'Quills,' 'Assassins,' lift spirits at film fest
TELLURIDE, Colo. — Although everyone seems to agree that it’s been a dismal year for movies thus far, you wouldn’t know it from the evidence of the Telluride Film Festival, which unspooled its 27th edition over the Labor Day weekend, Sept. 1-4.
Stirring together the event’s usual mix of world premieres (seven this year, not including a preview of Ken Burns’ upcoming 19-hour documentary series “Jazz”), highlights from other recent fests (eight from Cannes among them), offbeat special programs and continued loyalty to archival programs, tributes and silent cinema in particular, fest co-directors Tom Luddy and Bill Pence created a typically lively program that sustained Telluride’s reputation as the world fest scene’s purest manifestation of cinephilia.
Highest profile premiere was Philip Kaufman’s beautifully crafted look at the Marquis de Sade, “Quills,” which Fox Searchlight will release this fall. Among the more surprising and affecting new pictures was Barbet Schroeder’s Spanish-language film “Our Lady of the Assassins,” about a gay author’s return to his native Colombia after many years abroad, while Andrew Dominik’s true-crime opus “Chopper” worked as a late-nighter. New York entries were not too strong this year, with Al Pacino’s “Chinese Coffee” and commercials director-restaurateur Bob Giraldi’s indie “Dinner Rush” having left auds feeling undernourished.
Fest was dedicated this year to the late helmer John Berry, whose final film, the Athol Fugard adaptation “Boesman and Lena,” received a strong response, as did its stars, Angela Bassett and Danny Glover.
Docu duo hit big
Two of the weekend’s biggest hits were documentaries, Kevin Macdonald’s Oscar-winning “One Day in September,” about the Palestinian massacre of Israeli athletes at the 1972 Munich Olympics, and George Butler’s “The Endurance,” a gripping account of Captain Ernest Shackleton’s astonishing effort to survive a failed voyage to Antarctica in 1914.
Ang Lee’s Cannes favorite “Crouching Tiger, Hidden Dragon” was a smash in its North American debut, and the Cannes Camera d’Or winner, Bahman Ghobadi’s “A Time of Drunken Horses,” about the plight of Kurds on the Iraqi-Iranian border, was a favorite among some viewers.
Other U.S. preems included Hans Petter Moland’s “Aberdeen,” part of a tribute to lead actor Stellan Skarsgard; Jonathan Teplitzky’s “Better Than Sex,” fresh from its triumph at the Sydney fest; Liv Ullmann’s “Faithless”; “Chunhyang,” part of a tribute to South Korean veteran Im Kwon Taek; Terence Davies’ “The House of Mirth”; Amos Gitai’s “Kippur”; Kristian Levring’s “The King Is Alive”; Paul Cox’s “Innocence”; Javier Rioyo and Jose Luis Lopez-Linares’ docu “About Bunuel”; E. Elias Merhige’s “Shadow of the Vampire”; Patrice Leconte’s “The Widow of St. Pierre”; and Edward Yang’s “Yi Yi (A One and a Two).”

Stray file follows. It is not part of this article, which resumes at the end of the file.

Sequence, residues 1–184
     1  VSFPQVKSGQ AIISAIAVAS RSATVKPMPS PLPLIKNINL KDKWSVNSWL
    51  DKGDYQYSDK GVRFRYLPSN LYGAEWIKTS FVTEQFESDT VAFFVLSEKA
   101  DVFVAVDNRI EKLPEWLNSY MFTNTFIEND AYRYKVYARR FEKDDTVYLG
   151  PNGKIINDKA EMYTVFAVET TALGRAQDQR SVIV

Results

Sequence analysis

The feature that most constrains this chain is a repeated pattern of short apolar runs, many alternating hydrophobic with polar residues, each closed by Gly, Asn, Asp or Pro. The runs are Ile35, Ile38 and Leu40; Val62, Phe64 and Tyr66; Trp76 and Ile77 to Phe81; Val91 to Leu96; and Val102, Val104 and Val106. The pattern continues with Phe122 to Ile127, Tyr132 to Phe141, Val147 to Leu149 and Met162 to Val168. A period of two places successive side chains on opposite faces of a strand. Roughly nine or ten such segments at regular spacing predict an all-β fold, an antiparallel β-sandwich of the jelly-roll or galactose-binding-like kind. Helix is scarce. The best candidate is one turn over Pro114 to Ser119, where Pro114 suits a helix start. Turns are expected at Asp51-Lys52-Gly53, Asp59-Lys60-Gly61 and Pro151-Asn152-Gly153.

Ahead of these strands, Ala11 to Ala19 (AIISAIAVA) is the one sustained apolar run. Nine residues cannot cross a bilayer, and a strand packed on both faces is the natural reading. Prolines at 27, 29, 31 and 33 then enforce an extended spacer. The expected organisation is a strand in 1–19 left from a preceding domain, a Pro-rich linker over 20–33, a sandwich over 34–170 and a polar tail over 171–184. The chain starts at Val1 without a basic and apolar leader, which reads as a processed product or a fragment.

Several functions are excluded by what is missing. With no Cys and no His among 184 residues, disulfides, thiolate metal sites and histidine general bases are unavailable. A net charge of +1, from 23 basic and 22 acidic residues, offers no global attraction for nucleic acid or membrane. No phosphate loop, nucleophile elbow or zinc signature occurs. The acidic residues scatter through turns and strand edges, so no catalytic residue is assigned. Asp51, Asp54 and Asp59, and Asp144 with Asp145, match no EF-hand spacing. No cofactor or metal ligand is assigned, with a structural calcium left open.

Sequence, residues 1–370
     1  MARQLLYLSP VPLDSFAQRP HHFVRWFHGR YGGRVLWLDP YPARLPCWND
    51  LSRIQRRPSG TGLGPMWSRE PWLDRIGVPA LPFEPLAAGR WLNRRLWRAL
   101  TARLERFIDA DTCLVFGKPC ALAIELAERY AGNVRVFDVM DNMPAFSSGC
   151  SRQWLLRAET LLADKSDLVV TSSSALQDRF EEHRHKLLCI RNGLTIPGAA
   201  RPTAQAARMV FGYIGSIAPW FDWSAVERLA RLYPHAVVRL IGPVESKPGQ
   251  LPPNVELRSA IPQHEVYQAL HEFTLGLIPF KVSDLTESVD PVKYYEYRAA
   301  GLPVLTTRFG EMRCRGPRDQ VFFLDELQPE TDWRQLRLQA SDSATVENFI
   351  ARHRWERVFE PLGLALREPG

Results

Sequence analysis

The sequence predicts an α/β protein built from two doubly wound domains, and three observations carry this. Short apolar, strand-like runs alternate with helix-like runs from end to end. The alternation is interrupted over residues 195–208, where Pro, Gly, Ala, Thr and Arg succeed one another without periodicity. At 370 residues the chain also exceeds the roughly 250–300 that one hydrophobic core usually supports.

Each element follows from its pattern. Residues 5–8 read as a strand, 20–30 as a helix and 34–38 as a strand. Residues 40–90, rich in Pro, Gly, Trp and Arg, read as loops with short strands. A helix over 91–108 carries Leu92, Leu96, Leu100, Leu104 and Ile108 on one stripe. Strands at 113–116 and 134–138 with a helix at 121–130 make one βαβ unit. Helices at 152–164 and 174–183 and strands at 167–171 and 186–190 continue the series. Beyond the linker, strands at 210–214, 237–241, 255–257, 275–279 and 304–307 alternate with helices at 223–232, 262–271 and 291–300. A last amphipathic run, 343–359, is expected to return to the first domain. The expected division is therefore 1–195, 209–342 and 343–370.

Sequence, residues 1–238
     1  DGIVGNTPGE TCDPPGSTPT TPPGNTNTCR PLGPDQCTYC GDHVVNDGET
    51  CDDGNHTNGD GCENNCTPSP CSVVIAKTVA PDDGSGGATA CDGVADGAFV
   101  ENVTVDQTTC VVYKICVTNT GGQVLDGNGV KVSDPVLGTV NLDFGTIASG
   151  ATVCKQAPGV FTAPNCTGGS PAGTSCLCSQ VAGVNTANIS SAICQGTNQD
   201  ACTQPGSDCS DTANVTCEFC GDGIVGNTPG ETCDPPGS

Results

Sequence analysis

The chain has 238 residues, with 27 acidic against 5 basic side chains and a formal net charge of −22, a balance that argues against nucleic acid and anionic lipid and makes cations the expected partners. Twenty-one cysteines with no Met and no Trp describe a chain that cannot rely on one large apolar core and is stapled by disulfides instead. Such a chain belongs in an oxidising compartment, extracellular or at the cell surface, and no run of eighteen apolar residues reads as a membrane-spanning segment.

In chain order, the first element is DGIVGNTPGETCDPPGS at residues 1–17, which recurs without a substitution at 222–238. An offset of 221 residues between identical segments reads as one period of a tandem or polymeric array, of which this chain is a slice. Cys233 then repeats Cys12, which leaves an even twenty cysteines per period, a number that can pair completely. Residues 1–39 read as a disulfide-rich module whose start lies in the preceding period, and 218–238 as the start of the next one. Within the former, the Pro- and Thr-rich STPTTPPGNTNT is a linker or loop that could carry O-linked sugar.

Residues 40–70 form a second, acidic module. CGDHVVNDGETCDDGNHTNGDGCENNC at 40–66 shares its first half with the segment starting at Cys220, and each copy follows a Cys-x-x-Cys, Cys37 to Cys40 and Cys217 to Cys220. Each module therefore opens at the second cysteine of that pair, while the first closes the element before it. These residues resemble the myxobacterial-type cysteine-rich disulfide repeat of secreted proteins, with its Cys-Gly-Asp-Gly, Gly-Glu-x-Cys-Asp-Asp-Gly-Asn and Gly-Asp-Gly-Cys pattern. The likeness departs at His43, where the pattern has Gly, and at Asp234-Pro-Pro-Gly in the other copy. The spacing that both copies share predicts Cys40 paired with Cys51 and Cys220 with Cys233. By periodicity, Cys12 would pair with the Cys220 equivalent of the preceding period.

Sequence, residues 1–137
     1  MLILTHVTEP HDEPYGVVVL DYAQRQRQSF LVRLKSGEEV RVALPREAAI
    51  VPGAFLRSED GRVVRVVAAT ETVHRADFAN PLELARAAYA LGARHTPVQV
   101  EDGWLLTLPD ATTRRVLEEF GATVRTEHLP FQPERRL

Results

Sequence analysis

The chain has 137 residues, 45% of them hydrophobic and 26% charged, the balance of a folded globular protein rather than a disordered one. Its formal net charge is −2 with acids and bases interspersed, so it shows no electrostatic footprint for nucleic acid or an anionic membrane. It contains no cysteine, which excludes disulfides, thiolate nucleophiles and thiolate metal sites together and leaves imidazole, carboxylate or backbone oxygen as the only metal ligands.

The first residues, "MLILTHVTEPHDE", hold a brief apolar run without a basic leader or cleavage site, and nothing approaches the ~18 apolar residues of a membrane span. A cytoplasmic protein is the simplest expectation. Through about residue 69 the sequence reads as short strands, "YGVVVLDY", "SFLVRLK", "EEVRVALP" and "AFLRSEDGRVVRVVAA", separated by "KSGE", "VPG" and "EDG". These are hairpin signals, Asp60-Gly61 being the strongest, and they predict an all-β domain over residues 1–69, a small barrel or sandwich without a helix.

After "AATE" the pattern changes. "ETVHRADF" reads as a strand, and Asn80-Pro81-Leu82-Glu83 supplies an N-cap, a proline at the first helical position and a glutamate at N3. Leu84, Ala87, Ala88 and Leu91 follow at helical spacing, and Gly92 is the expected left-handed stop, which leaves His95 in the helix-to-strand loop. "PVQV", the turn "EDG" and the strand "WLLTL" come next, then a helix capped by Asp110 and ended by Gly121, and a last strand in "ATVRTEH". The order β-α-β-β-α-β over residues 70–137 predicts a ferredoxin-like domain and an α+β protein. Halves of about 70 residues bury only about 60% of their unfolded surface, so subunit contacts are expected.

As always here, virtually all the films’ directors and many actors were in attendance and easily approachable on the small town’s main drag or at social events, making for the most fluid mix between filmmakers and attendees at any fest.
A public favorite was veteran character actor, producer and director Norman Lloyd. Best known to contempo viewers for his role on TV’s “St. Elsewhere,” Lloyd acted for, and was a close associate of, such towering figures as Orson Welles, Charles Chaplin, Jean Renoir and Alfred Hitchcock. At a special tribute, he held the audience spellbound with tales of his long career.
Also in for a lively talk was writer Elmore Leonard, who was joined by the directors of two film adaptations of his work, Barry Sonnenfeld and Paul Schrader, the latter also in to unspool his film “Forever Mine.”
Fest guest director Edgardo Cozarinsky brought along three extreme archival rarities: Dimitri Krsanoff’s Swiss feature “Rapt” (1933); Pierre Chenal’s 1950 adaptation of Richard Wright’s “Native Son,” shot in Argentina with the author himself in the leading role; and Joseph Losey’s first European, post-Blacklist picture, “Stranger on the Prowl” (1951), with Paul Muni in his next-to-last screen appearance.
Other revivals included the long-awaited UCLA restoration of Budd Boetticher’s first Randolph Scott Western, “Seven Men From Now” (1956), and, from the Pordenone silent fest, William Wyler’s “Hell’s Heroes” (1929) and a recently discovered Buster Keaton short, “The Cook” (1918), starring and directed by Roscoe Arbuckle.